New book documents Kurdish struggle against the Islamic State
ERBIL (Kurdistan 24) – British volunteer Macer Gifford has fought in three long tours of duty against the Islamic State in Syria, including during the battle for the extremist group’s capital of Raqqa in 2017.
Now, he has written a memoir about his experiences. The book is entitled Fighting Evil: The Ordinary Man who went to War Against ISIS and was published in late May.
“I was thinking about it for a number of years. Because, more than anything, I wanted to tell my story, because there’s only so much time that you’ve got in front of an audience or in front of a TV camera to really talk about what you got up to, and what you experienced,” Gifford told Kurdistan 24.
“So, this was a desire to retell my story so people could understand what the international volunteers go through, but it’s a little bit more than that as well. I also wanted to tell the story of the development of the YPG (People’s Protection Units) and the Kurdish struggle against the Islamic State and their eventual victory.”
Gifford recognizes that, while in Syria, he witnessed history in the making.
“The heroic people of northeastern Syria liberated themselves and I watched them do it. So, it was a real privilege, and that’s what I wanted to write about.”
He is not the only volunteer from the UK to write about his experiences. British Kurd Azad Cudi has also written a book about the snipers of Kobani and Jim Matthews, a former soldier, also wrote a personal story about his time as a volunteer in the battlefield fighting against the Islamic State.
“Volunteers are unique. They’ve got their own story, they’ve got their own reasons for being there, and they’ve got their own experiences while they’re there, as well,” Gifford said. “So, the books will be fundamentally different.”
“I went primarily not just to be a fighter, although I would fight across northern Syria in many different places. I also went as an activist as well; someone who would battle for the Kurds back home in the West.”
While some volunteers returned to their normal lives, Gifford is still quite active as a human right activist and campaigner.
“I knew I had an intense amount of privilege in the West, everything from my education to my background, to my contacts; the people that I knew would listen to me. I knew I had to utilize for good.”
“This book is really an account of the three years that I spent fighting ISIS,” he continued. “It covers some of the worst fighting and the most bloody fighting in Syria and it’s… it’s an intensely sad story in some respects because of the suffering and the deaths of many different people in the book. But, also it’s a story of hope because it also talks about the most amazing people on the planet, both Kurds and internationals, who stood up for the right reasons and who went for the right reasons to fight ISIS and were ultimately victorious.”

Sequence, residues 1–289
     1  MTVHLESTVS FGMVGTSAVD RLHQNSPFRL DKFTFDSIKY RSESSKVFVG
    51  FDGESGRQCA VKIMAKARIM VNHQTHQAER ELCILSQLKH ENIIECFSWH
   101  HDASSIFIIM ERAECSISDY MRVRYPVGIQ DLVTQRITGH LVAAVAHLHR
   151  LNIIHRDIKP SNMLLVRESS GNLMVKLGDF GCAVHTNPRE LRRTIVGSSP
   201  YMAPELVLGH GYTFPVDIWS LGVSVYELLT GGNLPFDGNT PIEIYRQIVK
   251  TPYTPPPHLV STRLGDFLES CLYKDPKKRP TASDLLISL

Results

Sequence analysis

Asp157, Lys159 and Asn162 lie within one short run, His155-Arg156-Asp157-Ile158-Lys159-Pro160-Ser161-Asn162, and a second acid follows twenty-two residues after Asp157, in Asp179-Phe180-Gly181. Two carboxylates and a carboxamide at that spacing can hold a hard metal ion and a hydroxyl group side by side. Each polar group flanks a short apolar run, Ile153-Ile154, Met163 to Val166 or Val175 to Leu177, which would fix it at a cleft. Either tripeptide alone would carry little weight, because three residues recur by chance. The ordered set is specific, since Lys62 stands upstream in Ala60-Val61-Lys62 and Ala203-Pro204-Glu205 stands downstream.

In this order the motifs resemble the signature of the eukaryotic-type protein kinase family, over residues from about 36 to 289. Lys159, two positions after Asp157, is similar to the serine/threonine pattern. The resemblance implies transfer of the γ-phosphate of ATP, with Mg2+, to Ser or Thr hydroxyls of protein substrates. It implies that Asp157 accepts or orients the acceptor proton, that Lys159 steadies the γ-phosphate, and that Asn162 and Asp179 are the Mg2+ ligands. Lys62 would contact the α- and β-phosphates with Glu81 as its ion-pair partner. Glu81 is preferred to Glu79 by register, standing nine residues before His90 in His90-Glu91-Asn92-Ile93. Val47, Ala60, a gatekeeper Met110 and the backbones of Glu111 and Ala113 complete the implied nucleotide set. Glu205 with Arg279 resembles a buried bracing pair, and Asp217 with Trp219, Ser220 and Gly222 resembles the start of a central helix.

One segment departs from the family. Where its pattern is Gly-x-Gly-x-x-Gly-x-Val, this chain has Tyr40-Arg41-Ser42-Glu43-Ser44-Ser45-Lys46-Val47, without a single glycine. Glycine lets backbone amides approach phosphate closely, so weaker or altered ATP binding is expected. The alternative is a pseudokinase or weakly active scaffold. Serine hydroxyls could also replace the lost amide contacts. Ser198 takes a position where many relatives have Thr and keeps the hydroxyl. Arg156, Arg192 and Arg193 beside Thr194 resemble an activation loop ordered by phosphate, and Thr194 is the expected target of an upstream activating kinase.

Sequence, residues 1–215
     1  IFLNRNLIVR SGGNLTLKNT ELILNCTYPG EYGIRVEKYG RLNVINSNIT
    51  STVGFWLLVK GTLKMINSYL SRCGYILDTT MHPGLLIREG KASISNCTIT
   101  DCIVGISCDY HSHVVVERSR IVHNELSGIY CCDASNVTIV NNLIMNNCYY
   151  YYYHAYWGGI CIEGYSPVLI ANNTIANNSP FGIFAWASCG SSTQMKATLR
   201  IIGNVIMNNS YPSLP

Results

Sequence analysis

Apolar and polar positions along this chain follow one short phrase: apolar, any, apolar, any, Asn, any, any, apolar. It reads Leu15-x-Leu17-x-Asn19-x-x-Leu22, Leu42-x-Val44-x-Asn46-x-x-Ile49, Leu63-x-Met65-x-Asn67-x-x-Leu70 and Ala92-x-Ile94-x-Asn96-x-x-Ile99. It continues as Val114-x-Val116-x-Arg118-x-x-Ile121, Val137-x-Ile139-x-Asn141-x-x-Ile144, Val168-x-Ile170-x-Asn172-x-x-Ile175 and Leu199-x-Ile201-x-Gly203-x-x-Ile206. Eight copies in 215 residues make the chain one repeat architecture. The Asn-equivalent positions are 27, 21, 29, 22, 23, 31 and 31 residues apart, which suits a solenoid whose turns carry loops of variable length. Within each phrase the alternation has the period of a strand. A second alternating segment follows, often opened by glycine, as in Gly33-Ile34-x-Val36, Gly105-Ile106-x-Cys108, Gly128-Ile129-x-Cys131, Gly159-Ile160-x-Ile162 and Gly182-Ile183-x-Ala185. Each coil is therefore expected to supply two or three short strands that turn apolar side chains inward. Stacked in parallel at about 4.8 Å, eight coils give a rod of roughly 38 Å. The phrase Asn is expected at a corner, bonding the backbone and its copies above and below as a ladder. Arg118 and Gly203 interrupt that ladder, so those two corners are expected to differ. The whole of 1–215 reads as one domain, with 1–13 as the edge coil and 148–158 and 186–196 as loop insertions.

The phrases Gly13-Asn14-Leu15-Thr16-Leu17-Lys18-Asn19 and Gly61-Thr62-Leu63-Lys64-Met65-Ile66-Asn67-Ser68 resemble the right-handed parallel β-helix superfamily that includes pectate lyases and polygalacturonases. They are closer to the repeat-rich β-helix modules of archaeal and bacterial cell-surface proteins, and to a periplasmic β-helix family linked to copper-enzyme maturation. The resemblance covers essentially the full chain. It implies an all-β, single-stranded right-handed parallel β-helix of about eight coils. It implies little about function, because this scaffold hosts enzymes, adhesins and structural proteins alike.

Gifford says he wants to change some misconceptions that people have about Kurds in Syria.
“I think one of the challenges that the Kurds have always had is that they’ve had a bit of a PR (public relations) problem which has improved vastly over the years. Groups like the Rojava Information Centre; they are amazing and do amazing work on spreading news from Rojava (Syrian Kurdistan) to the west.”
However, when Gifford first joined there was no such centre and the SDF slowly started to organize itself from the time of the battles in Kobani until Raqqa, much later.
In the end, Gifford says he has no regrets about going to Syria. “I think one of the last lines in the book is that what I achieved in Rojava was what I actually wanted to achieve. I saw an opportunity to help the Kurdish people and (all) the people in northeastern Syria. And I felt like I’ve done that.”
With the book, Gifford also wants to appeal “to just ordinary people who have not heard about the fight against the Islamic State, who have not heard about the Kurds. This book will be a journey for them as well to really understand who we’re fighting against, who we are fighting for, and what we did. That’s really important.”
Editing by John J. Catherine